DPA What Is Harm

What is harm?

Harm is defined as all harmful conduct - some examples of this include:

Physical: hitting, slapping, pushing, shaking, locking them  in a room, tying to a chair, restricting their freedom.

Psychological: threats of harm, being left alone, humiliation, intimidation, causing distress, verbal abuse, bullying, blaming, constant criticism, controlling, depriving contact with others.

Neglect: failure to provide medical or physical care, access to a doctor or other services, or denying someone medication, food or heating, privacy or dignity, self neglect.

Financial: stealing, fraud, pressure to hand over or sign over property or money, misuse of property or welfare benefits, or stopping someone getting their money or possessions, scammed by rogue traders, by scams online, by email or by post.

Sexual: any sexual activity that a person doesn’t understand or want, photographing, sexual harrassment, voyeurism.

Self-Harm: the adult is engaging (or is likely to engage) in conduct which causes (or is likely to cause) self harm.

Information: witholding information or advice about rights or entitlements.

Discrimination: because of age, colour, disability, gender, race, religion, cultural background or sexual orientation.

The list is not exhaustive and no category of harm is excluded simply because it is not explicitly listed.

Where can harm happen?

It can happen in the family home, hospital ward, care home, day services, social clubs, day centres, at work and in public places.

Possible signs of harm include:

  • unexplained or unusual injuries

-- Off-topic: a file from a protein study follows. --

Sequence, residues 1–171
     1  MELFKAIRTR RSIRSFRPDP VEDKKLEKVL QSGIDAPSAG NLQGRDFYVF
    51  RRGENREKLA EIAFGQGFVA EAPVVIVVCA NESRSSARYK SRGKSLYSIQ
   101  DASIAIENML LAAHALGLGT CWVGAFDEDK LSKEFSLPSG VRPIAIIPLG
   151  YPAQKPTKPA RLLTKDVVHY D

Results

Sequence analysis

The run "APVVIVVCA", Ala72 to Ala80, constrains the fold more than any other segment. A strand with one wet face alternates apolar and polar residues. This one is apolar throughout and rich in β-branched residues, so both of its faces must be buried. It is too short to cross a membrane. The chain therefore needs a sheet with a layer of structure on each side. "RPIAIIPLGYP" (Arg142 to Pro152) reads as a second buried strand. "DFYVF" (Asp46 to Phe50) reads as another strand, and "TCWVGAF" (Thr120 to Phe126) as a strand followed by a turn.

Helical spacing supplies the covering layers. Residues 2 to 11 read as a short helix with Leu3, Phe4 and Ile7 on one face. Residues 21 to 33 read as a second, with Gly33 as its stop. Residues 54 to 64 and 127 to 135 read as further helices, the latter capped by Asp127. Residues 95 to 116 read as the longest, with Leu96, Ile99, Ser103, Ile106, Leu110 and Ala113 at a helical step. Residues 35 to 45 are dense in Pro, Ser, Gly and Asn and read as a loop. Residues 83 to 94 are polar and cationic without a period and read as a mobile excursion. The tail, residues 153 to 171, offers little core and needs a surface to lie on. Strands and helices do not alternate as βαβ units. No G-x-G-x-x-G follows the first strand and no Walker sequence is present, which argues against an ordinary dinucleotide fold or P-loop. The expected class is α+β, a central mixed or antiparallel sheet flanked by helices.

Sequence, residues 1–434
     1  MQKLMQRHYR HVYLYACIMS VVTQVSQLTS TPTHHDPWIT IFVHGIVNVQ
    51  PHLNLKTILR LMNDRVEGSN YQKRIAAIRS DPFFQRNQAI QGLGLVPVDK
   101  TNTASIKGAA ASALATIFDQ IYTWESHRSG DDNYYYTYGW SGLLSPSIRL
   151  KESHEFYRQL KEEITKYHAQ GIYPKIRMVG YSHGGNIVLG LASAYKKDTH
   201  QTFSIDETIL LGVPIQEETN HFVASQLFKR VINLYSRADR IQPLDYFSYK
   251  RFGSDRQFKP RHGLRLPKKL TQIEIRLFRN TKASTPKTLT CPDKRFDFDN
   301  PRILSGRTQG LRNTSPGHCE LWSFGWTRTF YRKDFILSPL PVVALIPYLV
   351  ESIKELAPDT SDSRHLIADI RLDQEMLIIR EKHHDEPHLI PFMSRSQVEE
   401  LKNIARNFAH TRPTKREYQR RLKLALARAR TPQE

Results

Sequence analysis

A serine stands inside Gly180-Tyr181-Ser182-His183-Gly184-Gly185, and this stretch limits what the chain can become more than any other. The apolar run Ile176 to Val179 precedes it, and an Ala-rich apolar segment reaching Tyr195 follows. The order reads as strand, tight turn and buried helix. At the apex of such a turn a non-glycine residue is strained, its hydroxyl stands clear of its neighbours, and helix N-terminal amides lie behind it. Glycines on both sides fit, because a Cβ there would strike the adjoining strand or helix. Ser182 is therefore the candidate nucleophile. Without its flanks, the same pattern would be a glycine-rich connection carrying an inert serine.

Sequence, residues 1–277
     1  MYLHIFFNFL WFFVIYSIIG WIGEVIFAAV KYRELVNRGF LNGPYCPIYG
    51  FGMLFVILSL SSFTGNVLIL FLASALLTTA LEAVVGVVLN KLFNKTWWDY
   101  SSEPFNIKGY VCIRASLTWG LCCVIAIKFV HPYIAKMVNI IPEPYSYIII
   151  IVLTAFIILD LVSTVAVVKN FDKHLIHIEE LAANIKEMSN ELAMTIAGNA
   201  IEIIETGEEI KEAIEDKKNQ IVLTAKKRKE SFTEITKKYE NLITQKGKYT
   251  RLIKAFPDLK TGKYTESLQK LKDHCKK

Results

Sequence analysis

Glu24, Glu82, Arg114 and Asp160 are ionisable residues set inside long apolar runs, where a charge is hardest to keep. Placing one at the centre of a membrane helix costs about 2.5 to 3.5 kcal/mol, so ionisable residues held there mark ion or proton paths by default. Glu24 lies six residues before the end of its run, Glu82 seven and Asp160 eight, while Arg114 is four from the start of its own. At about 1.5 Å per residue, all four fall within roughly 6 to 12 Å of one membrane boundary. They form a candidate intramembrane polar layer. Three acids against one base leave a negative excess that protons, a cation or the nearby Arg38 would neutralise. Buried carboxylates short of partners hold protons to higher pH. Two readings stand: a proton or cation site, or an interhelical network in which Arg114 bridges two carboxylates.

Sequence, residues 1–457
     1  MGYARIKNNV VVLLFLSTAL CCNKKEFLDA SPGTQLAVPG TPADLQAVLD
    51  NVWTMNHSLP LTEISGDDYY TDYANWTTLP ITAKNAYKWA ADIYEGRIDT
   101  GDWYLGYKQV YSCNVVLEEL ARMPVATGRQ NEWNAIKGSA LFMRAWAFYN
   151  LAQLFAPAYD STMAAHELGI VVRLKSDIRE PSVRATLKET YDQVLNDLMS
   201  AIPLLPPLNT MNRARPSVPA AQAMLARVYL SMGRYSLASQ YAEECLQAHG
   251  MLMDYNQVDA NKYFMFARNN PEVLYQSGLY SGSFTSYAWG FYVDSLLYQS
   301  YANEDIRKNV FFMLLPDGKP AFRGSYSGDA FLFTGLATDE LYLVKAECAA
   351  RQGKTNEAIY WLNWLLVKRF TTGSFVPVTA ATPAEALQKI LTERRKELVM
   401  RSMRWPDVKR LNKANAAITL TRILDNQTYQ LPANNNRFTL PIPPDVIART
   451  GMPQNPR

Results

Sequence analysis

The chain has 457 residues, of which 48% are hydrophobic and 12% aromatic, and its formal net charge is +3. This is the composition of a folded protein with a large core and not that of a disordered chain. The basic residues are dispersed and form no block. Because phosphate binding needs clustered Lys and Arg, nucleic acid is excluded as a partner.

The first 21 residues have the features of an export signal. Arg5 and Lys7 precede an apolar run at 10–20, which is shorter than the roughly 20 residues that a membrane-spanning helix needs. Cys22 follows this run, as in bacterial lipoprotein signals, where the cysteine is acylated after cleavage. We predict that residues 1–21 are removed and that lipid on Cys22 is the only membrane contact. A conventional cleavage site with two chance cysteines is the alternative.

• a delay in seeking treatment for injuries or illness
  • sudden increase in confusion
  • unexplained deterioration in health or appearance
  • people being anxious or afraid
  • misuse of medication e.g. not giving medicines properly
  • unexplained changes of behaviour e.g. becoming anxious and withdrawn, fear of another person
  • pressure by family or professional(s) to have someone moved into or taken out of care
  • hostile or unkind behaviour by a person
  • unexplained debt, not paying bills for services
  • not having their basic needs met, such as adequate food or heating
  • not being provided with adequate information about their rights or emtitlements, or being misinformed
  • prejudicial actions or remarks to the adult at risk about age, gender, disability, race, colour, sexual or religious orientation
  • another person using the adult's possessions, bank account or property without his or her informed consent
  • the adult at risk not receiving appropriate care, which would protect them from harm

Who can cause harm?

Anyone. For example it could be a:

  • member of staff in a health/care setting
  • carer
  • relative
  • spouse or partner
  • friend or neighbour
  • volunteer
  • stranger

Who will act against harm?

Staff from Dundee City Council, NHS Tayside, and Tayside Police will along with others, work together to protect “adults at risk of harm”.

Dundee City Council has a duty to  inquire and investigate cases where harm is known or suspected. Designated council officers have powers to visit and interview people, to arrange medical examinations and to examine records. They must also consider whether there is any need for advocacy and other services, such as help with medication, or support services.